To implement TLS encryption as described in this article, you will need to have the following:
Prerequisite: Subscription to Microsoft 365
Ease of Implementation: Easy
Time to Implement: <30 minutes
Email is the most ubiquitous method of communication. Despite that, it is inherently unsecure. Email messages by default traverses the Internet in clear text (unencrypted). This means the content of emails can be viewed by someone it was not intended for. When you send an email, your message can hop through several email servers before reaching the email server of your recipient. By default, email servers do not employ encryption when relaying messages.
For servers that do, it is employed opportunistically. Meaning, when it can it will use encryption. But if it can't (such as when the next hop email server does not support encryption), it will sent it anyway without encryption. From a compliance standpoint, this is not sufficient. Any sensitive data in your email has the potential to be exposed without you knowing about it if encryption is not used..
TLS (Transport Layer Security) encryption is a mechanism (also referred to as STARTTLS protocol) used to send or receive emails securely. With this, your message is encrypted as it traverses the Internet to protect your information from eavesdropping.
If your company regularly send and receive sensitive information through email as part of your business function, you will need employ Enforced TLS (also called mandatory, forced or required TLS). Unlike Opportunistic TLS, enforced TLS requires each email server to encrypt your message as it relays it to the hop. Organizations that handle credit card and banking account information, personal health information (PHI) and personally identifiable information PII) are excellent candidates for enforced TLS email encryption.
Email is sent unencrypted (in clear text) through the Internet by default. It was not designed with privacy or security in mind. Unless you specifically employ encryption, sensitive information can be exposed as your message traverse routers, network switches and email servers on its way to your recipient's inbox. If you are in financial industry, healthcare industry, or work with trade secrets or any sensitive that cannot be compromised, you need to enforced TLS encryption.
While there are third-party vendors that offer secure email as a service, for our project our client had an existing subscription to Microsoft 365 E3 plan - which included Exchange Online with support for enforced TLS. This client works with a handful of business partners where they need to regularly email sensitive data between each other as part of their business function. We leveraged our clients existing Microsoft 365 subscription to implement secure email.
Microsoft 365 makes it easy to implement enforce TLS. With a few clicks of the mouse, enforce TLS partnership can be quickly established with their vendors. More importantly for our client, it is easy to administer and maintain. With Microsoft 365, there is no need to buy and install security certificates (which some of you may know is not always easy), no specialized training or skill set needed to support this, nor is there a change in the way the end users send emails.
To setup enforced TLS with a vendor, you will need to interact with the other party's systems administrator to have them configure their email server as well. This mutual configuration between two organizations assures all email messages, regardless whether it contains sensitive information or not, are encrypted and sent securely across the Internet. From past experiences, setting up a TLS connector with a business partner typically takes less than 30 minutes.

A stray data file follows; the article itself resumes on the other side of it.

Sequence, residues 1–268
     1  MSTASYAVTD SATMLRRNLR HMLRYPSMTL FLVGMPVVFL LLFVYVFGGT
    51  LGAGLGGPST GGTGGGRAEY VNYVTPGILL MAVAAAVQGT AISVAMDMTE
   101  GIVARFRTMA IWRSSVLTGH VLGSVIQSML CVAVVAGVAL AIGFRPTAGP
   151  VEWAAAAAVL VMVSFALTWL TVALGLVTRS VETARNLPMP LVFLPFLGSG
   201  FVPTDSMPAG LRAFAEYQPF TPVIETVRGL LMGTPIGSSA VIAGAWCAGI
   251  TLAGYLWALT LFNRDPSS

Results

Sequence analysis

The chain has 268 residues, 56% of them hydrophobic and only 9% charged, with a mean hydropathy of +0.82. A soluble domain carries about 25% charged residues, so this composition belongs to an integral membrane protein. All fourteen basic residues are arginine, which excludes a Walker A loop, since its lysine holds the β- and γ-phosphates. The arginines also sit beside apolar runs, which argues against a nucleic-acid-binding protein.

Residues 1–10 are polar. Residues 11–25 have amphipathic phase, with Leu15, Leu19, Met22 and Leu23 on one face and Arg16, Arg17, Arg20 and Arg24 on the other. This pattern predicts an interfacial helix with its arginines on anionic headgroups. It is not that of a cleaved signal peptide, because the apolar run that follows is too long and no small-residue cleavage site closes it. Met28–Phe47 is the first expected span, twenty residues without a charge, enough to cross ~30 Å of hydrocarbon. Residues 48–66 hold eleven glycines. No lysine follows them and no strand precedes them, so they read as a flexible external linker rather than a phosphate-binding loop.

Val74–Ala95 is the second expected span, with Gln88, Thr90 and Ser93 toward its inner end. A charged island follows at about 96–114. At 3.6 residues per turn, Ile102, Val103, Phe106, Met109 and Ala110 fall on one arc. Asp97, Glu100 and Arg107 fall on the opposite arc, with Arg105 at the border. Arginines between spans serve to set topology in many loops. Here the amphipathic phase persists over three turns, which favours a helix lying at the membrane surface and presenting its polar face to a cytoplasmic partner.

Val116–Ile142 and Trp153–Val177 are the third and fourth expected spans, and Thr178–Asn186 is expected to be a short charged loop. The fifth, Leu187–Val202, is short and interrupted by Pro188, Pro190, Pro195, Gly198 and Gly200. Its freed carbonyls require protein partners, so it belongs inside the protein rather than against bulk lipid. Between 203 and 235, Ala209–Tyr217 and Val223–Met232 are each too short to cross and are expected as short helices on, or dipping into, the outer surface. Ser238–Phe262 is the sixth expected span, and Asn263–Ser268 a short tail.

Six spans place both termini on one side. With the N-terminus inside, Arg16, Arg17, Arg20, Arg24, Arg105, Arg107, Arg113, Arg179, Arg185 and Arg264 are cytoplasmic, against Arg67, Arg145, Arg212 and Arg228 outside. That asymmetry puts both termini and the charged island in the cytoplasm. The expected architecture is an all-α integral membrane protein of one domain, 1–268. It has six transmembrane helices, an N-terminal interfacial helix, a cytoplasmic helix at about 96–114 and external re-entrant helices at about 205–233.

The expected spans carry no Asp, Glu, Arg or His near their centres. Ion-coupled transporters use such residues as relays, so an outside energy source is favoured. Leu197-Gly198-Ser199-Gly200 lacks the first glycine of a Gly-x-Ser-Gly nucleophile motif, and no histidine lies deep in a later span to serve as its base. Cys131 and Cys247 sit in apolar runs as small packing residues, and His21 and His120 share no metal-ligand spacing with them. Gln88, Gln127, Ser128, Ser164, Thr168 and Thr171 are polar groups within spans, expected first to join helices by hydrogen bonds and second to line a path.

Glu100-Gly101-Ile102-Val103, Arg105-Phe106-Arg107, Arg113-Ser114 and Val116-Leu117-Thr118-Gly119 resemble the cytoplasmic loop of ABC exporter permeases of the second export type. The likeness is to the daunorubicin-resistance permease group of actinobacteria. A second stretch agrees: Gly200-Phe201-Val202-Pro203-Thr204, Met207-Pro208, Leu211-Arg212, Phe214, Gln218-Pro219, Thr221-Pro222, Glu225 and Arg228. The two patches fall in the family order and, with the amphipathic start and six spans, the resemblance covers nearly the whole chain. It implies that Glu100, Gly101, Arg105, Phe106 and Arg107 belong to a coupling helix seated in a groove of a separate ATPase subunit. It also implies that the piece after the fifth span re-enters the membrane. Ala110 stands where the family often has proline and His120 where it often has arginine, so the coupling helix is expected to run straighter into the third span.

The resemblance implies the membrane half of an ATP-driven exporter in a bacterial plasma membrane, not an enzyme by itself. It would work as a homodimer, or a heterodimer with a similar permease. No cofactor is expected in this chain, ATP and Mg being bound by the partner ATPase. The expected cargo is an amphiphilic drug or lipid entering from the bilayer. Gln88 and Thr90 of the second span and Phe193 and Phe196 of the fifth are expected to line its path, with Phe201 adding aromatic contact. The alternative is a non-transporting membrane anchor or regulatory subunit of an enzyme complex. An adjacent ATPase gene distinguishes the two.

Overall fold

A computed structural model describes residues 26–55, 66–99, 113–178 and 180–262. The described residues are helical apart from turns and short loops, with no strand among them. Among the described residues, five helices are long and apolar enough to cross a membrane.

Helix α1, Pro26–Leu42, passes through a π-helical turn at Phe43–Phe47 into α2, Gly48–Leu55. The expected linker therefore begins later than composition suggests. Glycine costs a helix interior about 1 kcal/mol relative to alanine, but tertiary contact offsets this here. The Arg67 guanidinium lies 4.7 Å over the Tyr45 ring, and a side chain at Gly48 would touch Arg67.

Before setting up a TLS connector, you will need to have the following:
With Microsoft 365 Exchange Online, the process of setting up enforced TLS is broken up into two steps:
Unlike setting up the outbound TLS connector, there is no way to test the inbound from within the setup wizard. However, you can have your counterpart send you an email and manually inspect the message header. See the section below to learn more.
As best practice, you should validate your enforced TLS mail flow connectors on a regular basis (at least once a year). This is will help ensure that your business partner's email server is still configured to mandate the use of TLS encryption when your organization sends them emails. You can use the Microsoft 365 validation tool or third-party tools. To learn more, please see the article titled How to Check/Test TLS Encryption is used to Secure Emails.
For some of our clients, they are mandated to protect customer information in email messages either by policy, regulation or be other means. Microsoft 365 has the feature to satisfy the requirement. It is easy to create connectors and requires little to no administrative effort to maintain. It does require a subscription to Microsoft 365, but if you have one already, enforced TLS is worth exploring further. If you have a small I.T team and don't have a dedicate person or team to implement an on-premise solution, consider Microsoft 365. Even if you do not have an existing subscription, the added cost to do so may be worth it.
Depending on your subscription level, there are other security features (such as two-factor authentication (2FA), mobile device management, safe links and safe attachments) that comes with Microsoft 365 that may help you in other areas to enhance your overall security posture for your organization by a measurable degree.
With Microsoft 365, establishing a persistent secure email connection with business partners is easy and effective. By configuring your Exchange Online, your emails will always be encrypted - inbound and outbound. Best of all, there's no training required for your end users - enforced TLS encryption is transparent.